The Context Of Learning In The Early Years: The Structure And Organisation Of Play

Year: 2015

Author: Stirrup, Julie, Evans, John

Type of paper: Abstract refereed

In countries across the globe, concerns over the impact of poor quality early years education (EYE) on future educational attainment along with increasing health concerns focused on obesity and sedentary lifestyles have together precipitated renewed interest amongst politicians and academics in the early years education of children. Within the UK much of this interest has focused on curriculum reform, focused on child – centred learning through play and providing free childcare places for children as young as two.

In this policy reform, play is generally perceived as the pedagogical mode through which learning takes place, however, how play and therefore learning is to be organised and made available, is not specified in policy literature. Research on early years has strongly suggested that play is an important element of high quality provision for young children in particular for preparing children for formal schooling. Therefore, the ways in which play is organised and structured and the amount of time and resource practitioners allocate to it, are in and of themselves important ‘message systems.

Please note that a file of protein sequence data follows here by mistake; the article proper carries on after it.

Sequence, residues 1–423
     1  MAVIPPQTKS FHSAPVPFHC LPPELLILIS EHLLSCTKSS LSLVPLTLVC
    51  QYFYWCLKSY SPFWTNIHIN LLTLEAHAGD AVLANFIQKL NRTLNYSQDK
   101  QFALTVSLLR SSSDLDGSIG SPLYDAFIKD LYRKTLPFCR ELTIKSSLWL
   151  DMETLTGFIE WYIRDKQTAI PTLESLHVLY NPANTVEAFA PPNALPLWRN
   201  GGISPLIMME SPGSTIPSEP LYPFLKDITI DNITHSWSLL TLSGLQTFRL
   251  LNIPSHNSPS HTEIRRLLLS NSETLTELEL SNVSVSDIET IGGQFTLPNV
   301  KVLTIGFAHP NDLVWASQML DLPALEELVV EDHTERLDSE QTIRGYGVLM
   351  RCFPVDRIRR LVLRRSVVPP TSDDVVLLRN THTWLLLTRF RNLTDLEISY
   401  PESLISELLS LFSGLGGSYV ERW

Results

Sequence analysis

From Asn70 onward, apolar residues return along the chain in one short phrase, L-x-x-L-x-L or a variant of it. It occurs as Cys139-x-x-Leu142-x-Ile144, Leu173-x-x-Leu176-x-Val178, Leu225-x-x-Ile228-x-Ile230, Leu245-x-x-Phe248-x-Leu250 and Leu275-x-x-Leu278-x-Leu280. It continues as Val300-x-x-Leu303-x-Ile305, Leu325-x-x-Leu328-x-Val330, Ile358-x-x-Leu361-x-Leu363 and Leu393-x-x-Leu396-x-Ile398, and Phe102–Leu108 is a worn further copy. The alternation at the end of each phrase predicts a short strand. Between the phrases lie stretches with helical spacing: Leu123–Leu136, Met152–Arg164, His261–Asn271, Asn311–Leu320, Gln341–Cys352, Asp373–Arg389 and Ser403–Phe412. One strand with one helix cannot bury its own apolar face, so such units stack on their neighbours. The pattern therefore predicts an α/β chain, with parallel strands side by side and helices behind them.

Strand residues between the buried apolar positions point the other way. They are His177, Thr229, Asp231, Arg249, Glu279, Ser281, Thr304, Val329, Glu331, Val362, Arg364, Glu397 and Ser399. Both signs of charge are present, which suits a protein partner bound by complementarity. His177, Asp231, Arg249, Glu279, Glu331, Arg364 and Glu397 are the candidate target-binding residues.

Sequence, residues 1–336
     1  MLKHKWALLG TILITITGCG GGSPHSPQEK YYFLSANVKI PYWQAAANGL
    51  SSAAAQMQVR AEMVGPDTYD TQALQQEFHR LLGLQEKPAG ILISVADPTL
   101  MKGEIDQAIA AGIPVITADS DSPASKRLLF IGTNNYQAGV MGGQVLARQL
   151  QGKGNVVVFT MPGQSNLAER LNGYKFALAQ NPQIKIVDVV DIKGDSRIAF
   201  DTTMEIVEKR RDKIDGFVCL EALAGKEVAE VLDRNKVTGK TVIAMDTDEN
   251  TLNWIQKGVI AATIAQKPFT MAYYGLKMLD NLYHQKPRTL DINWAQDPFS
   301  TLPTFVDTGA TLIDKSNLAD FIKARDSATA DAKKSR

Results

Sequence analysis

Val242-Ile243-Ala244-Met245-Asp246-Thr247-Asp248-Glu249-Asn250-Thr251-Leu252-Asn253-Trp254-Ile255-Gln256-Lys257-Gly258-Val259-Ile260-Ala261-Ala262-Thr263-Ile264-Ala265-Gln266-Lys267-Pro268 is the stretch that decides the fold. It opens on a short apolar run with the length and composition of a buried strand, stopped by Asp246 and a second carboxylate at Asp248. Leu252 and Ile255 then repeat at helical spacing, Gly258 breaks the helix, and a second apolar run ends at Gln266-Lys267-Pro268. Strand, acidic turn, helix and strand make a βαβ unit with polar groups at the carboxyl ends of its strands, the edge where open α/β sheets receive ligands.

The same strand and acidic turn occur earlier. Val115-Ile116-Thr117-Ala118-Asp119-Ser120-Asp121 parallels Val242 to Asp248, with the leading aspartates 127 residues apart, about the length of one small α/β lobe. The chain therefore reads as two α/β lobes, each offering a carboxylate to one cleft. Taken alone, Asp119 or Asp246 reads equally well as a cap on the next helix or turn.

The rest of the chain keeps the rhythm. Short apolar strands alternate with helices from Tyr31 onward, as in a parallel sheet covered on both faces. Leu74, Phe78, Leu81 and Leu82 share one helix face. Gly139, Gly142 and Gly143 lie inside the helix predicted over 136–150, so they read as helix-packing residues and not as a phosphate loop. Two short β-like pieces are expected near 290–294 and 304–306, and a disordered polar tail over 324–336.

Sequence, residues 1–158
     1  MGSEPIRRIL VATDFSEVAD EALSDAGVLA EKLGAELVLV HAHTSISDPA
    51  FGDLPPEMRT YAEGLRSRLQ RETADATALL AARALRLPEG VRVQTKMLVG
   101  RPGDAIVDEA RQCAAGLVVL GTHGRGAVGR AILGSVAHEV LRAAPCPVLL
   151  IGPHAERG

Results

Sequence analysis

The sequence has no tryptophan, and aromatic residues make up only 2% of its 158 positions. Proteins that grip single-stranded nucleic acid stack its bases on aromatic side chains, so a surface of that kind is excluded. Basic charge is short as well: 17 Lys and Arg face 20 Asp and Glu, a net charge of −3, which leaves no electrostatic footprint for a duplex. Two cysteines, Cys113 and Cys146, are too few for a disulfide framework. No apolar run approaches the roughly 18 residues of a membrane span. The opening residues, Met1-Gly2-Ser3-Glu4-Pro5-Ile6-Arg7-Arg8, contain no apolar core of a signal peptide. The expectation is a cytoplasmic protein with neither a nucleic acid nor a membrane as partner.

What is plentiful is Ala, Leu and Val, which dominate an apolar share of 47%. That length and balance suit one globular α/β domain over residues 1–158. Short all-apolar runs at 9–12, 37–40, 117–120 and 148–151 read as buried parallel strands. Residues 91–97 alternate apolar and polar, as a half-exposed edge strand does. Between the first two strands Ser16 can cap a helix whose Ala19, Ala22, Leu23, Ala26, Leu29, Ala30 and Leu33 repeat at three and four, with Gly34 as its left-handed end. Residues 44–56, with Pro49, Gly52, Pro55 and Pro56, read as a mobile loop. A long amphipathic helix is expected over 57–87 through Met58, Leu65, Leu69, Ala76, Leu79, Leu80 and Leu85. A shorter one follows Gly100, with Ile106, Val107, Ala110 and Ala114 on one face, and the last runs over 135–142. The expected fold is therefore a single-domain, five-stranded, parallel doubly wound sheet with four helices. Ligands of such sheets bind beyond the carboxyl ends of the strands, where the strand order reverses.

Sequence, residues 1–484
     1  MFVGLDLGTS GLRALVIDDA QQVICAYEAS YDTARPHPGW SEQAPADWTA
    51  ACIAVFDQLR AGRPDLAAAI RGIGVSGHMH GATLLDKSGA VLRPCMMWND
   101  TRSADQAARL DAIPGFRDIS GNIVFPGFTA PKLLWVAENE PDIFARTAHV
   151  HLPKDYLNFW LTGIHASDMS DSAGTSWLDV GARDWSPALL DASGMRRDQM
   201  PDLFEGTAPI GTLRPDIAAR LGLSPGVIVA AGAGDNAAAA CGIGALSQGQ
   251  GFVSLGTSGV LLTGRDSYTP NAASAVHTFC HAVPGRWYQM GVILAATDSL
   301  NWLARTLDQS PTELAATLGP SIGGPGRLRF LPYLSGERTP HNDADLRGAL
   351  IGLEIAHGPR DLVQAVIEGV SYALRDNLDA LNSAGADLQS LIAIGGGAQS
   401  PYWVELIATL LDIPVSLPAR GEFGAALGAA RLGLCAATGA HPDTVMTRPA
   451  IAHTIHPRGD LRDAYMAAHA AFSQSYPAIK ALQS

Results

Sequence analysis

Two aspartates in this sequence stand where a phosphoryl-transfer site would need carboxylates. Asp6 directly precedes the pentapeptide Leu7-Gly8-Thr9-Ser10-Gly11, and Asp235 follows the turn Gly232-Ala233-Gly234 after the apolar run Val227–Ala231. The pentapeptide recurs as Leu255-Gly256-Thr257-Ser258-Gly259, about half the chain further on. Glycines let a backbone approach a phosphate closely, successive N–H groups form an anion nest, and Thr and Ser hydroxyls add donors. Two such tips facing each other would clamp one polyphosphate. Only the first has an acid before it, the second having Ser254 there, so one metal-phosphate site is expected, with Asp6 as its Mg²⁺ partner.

Drawing on data from a three year long ethnographic study of EYE, this paper focuses on how learning was structured and organised through play in three EYE settings in England. The work of British sociologist Basil Bernstein is utilised to explore the structure, organisation and time allocated to the various forms of play which featured in these settings and analyse their potential social and educational consequences. The concepts classification, frame, visible and invisible pedagogies underpin the analyses as they help address the intersections between social relations inside early years settings and outside them e.g. in the family and home. With reference to the structure and organisation of learning, it is argued that different forms of play are afforded very different values across the three settings, influenced by the assumptions practitioners’ make about children and their families, knowledge and resources for learning. The effect of such processes is the reproduction of social hierarchies inside EYE settings, reflecting those longstanding out-with them in wider society.